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Huawei's App Gallery hosted malicious apps installed by millions of Android users

Trojan
(Image credit: wk1003mike / Shutterstock)

Malware analysts discovered a dangerous information stealer trojan inside hundreds of Android apps on Huawei's AppGallery that have collectively clocked over 9 million downloads.

Discovered by cybersecurity sleuths at Dr. Web, the trojan is a variant of the Cynos malware, called Android.Cynos.7.origin that’s designed to collect sensitive user data. 

“The apps that contain the Android.Cynos.7.origin ask users for permission to make and manage phone calls. That allows the trojan to gain access to certain data,” explain the researchers.

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Interestingly, besides English users, some of the games targeted Russian, and Chinese audiences and were fully localized in these languages. 

Information stealer

The researchers add that the trojan can be integrated into Android apps and employ all kinds of techniques to monetize them at the expense of the downloader. However, the variant found inside the apps in AppGallery collects information about the users and their devices, and displays ads.

“At first glance, a mobile phone number leak may seem like an insignificant problem. Yet in reality, it can seriously harm users, especially given the fact that children are the games’ main target audience,” warn the researchers.

In addition to their phone numbers, the trojan also gathered device location based on GPS coordinates or the mobile network and WiFi access point data, several mobile network parameters, such as the network code and mobile country code, and a lot more.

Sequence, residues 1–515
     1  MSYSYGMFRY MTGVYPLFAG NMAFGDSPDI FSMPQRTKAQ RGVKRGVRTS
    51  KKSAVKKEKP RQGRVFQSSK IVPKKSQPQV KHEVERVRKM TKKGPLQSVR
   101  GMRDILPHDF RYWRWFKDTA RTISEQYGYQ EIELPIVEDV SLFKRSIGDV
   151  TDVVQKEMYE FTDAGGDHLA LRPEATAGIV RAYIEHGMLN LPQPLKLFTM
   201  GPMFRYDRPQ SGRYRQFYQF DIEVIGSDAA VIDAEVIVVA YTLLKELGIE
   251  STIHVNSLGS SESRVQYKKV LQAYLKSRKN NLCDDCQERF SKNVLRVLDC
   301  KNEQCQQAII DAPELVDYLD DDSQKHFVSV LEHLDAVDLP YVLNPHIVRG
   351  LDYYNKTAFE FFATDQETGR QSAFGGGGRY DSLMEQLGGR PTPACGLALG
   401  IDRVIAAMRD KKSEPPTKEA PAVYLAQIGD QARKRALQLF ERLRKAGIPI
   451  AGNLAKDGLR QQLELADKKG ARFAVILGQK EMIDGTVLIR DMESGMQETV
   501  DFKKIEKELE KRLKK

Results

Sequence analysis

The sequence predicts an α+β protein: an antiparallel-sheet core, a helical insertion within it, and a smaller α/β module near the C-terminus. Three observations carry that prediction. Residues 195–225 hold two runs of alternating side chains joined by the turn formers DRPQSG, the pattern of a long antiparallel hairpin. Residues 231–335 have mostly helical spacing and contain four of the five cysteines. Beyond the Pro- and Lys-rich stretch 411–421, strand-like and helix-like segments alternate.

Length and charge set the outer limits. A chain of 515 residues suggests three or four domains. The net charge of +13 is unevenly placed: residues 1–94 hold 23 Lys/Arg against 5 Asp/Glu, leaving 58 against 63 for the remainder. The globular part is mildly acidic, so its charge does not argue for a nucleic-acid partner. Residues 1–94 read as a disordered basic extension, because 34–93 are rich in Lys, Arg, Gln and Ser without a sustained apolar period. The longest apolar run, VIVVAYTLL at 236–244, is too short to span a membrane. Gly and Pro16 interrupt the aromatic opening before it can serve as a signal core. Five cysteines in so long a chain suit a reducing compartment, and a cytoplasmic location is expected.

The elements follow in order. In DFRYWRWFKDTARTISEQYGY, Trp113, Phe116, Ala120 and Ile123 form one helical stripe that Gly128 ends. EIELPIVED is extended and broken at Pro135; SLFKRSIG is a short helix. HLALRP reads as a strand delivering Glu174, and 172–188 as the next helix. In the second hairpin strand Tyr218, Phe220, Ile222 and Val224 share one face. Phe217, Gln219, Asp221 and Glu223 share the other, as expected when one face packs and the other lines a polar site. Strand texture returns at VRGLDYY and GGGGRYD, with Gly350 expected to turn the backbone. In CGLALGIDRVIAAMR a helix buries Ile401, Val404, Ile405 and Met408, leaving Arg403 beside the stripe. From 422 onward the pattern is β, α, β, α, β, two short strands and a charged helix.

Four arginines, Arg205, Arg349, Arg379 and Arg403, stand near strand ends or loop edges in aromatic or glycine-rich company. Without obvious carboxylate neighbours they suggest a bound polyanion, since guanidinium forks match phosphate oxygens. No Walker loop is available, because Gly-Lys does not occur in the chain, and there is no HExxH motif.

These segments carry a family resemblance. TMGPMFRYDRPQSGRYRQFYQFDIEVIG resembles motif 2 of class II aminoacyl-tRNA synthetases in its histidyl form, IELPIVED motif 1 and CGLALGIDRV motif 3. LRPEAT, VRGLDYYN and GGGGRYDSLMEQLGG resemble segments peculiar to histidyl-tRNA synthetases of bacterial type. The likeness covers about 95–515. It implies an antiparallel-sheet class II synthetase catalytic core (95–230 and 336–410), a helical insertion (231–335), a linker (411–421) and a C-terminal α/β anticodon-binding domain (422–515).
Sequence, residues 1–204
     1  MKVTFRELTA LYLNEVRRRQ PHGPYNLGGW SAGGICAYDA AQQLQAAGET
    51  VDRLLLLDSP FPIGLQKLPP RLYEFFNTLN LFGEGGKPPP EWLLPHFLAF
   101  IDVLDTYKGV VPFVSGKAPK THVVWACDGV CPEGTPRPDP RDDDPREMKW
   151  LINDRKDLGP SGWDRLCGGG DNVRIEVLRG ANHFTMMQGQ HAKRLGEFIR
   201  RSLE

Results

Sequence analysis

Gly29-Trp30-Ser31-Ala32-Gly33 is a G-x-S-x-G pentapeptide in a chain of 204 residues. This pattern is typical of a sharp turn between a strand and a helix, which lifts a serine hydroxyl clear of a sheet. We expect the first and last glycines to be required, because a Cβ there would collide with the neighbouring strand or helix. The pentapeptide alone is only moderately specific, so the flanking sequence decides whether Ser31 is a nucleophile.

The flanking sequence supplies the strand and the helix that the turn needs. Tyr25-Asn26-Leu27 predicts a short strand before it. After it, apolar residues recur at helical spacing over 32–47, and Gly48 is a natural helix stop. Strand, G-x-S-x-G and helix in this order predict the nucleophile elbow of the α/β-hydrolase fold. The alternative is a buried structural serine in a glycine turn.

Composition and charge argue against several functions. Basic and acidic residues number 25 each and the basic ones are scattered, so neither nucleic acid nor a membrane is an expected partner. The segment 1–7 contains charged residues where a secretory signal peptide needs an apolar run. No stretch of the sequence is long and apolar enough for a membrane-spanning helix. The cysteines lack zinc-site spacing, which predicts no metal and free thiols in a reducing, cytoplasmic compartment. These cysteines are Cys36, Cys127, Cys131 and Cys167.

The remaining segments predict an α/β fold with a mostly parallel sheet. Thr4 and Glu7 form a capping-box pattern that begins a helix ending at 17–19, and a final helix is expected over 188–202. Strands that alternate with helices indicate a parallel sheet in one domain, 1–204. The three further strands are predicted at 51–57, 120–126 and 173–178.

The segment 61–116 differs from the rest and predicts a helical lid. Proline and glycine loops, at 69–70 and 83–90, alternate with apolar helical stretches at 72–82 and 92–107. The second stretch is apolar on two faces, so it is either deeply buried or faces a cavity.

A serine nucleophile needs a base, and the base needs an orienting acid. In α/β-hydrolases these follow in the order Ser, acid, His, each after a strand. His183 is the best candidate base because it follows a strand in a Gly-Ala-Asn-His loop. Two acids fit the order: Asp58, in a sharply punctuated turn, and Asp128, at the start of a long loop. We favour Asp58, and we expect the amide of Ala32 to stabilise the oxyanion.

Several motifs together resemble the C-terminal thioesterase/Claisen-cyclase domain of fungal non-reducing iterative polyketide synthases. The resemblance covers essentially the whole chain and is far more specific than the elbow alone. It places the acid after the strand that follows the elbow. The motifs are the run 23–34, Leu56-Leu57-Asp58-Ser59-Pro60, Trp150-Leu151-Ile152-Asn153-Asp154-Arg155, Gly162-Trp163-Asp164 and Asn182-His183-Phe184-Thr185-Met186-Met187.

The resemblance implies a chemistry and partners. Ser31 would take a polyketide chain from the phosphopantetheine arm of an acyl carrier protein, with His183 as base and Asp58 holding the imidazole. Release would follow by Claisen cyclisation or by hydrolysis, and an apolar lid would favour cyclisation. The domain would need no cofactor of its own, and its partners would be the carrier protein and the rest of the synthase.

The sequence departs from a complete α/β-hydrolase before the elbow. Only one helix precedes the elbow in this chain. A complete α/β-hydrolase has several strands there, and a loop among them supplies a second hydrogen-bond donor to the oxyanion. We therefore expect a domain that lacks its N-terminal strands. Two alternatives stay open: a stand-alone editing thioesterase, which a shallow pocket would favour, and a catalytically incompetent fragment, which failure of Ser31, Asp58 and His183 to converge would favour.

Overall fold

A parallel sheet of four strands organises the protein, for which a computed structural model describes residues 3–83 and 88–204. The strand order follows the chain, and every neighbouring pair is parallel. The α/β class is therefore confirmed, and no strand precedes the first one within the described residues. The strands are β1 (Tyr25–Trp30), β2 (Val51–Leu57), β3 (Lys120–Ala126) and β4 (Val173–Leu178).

The researchers found the trojan inside 190 different Android gaming apps, including simulators, arcade games, shooters, and more, all of which worked as advertised, leading to the high number of downloads.

The researchers shared their discovery with Huawei, who promptly removed all the 190 malicious apps. 

“AppGallery’s built-in security system swiftly identified the potential risk within these apps. We are now actively working with affected developers to troubleshoot their apps. Once we can confirm that the apps are all clear, they will be re-listed on AppGallery so consumers can download their favourite apps again and continue enjoying them," Huawei told TechRadar Pro

"Protecting network security and user privacy is Huawei's priority. We welcome all third-party oversight and feedback to ensure we deliver on this commitment. We will continue to collaborate closely with our partners, and at the same time, employ the most advanced and innovative technologies to safeguard our users’ privacy.”

Scan your devices with these best Android antivirus apps, and protect yourself online with these best identity theft protection services

Mayank Sharma

With almost two decades of writing and reporting on Linux, Mayank Sharma would like everyone to think he’s TechRadar Pro’s expert on the topic. Of course, he’s just as interested in other computing topics, particularly cybersecurity, cloud, containers, and coding.